CIAs: OIG’s Favorite Enforcement Tool
In an attempt to stem health care fraud, the government’s use of Corporate Integrity Agreements (CIAs) is growing. In Professor Zack Buck’s Health Care Fraud and Abuse class here at Seton Hall Law, students were given the benefit of a discussion on the topic by two industry veterans, Tim Grimes and Brett Bissey. Grimes is the Health Care Compliance Officer for the North American Pharmaceuticals branch of Johnson & Johnson, where he oversees the development, improvement and management of health care compliance and government contract compliance systems. Bissey is Senior Vice President, Chief Ethics and Compliance Officer at the University of Medicine and Dentistry of New Jersey (UMDNJ), where he is responsible for the management and direction of all compliance and ethics related programs.
Grimes and Bissey spoke on the proliferation of, and challenges associated with, the use of CIAs in the health care industry. A CIA is a restrictive agreement, usually lasting five years, entered into by the Office of Inspector General of the U.S. Department of Health & Human Services (OIG) and a health care entity alleged to have engaged in fraudulent or abusive practices. CIAs impose numerous compliance obligations, which are intended to stop fraudulent behavior from occurring in the future. These compliance obligations range from requiring employee training, to mandating the appointment of a compliance officer, to implementing a communications hotline. Both Grimes and Bissey have personal experience working under a CIA, as Johnson & Johnson and UMDNJ, like many others in the industry, have or are currently operating under such integrity agreements.
Grimes and Bissey explained that CIAs can be cumbersome because the terms of the agreements are often unclear and the costs of compliance obligations, such as employee training, can be immense. For example, CIAs generally require proper compliance training for any “relevant covered person” within the organization. However, what defines such persons is generally unclear, and the costs and logistics of implementing a training program for all employees who come in contact with a medication, from local pharmaceutical representatives to researchers working in another country, can be expensive and complex.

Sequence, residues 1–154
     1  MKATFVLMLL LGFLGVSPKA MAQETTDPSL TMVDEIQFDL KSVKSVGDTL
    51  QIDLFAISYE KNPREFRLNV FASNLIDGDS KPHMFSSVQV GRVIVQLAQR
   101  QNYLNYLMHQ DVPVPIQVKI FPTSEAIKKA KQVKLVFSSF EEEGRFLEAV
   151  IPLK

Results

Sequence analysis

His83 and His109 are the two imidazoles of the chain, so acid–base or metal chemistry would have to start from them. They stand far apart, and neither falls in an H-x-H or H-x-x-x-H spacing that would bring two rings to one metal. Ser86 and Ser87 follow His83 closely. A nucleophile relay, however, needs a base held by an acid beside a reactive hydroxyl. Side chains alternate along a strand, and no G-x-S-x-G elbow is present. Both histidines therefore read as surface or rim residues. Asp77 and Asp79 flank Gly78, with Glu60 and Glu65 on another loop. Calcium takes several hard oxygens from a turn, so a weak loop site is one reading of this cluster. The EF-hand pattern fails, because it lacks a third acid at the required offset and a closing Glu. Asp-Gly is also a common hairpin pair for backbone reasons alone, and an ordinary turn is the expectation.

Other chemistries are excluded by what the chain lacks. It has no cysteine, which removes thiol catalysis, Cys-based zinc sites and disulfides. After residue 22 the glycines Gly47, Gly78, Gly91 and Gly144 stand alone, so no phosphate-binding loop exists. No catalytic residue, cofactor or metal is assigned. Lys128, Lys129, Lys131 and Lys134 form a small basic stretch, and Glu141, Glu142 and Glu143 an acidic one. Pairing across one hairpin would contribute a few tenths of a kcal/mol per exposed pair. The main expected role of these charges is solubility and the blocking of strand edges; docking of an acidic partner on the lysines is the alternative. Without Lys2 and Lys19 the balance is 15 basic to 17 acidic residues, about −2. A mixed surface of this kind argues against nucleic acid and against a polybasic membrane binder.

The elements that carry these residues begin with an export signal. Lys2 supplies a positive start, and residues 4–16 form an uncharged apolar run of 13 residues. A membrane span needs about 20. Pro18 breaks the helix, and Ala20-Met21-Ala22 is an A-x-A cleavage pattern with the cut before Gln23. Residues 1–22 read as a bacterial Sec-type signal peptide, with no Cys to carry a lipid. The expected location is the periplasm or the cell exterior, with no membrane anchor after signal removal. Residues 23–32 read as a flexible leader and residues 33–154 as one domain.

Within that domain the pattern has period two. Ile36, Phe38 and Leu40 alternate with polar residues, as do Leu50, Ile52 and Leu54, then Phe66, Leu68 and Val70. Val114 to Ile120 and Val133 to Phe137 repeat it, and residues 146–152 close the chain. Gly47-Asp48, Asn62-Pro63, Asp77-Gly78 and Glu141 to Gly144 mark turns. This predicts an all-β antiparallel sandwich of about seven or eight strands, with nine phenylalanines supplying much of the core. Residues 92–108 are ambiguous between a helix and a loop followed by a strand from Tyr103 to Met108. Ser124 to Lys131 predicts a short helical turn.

To help address such issues, Grimes participated in the Pharmaceutical Compliance Roundtable hosted by the OIG in February 2012, which brought together compliance professionals from 23 pharmaceutical manufacturers currently operating under a CIA. By establishing the Roundtable, the OIG sought to foster an open dialogue between private industry and government addressing the implementation and operational challenges of CIAs.
While the difficulties of working under CIAs were mentioned, Grimes and Bissey also acknowledged the benefits that companies can reap by their use. CIAs can also, it was said, be extremely beneficial because they increase the individual responsibility on corporate officers and board members, grabbing the attention of upper-level management who may have previously been less responsive to compliance concerns. Further, the proliferation of CIAs is said to have changed the attitude of some company officers toward compliance initiatives–bringing a level of enthusiasm which may have been absent in the past.
On a parting note, Grimes and Bissey agreed that the government shows no signs of slowing down on its use and enforcement of CIAs in the health care industry. Commenting about the state of the industry, they said the question is not “Who is under a CIA?” Rather, it’s “Who isn’t?”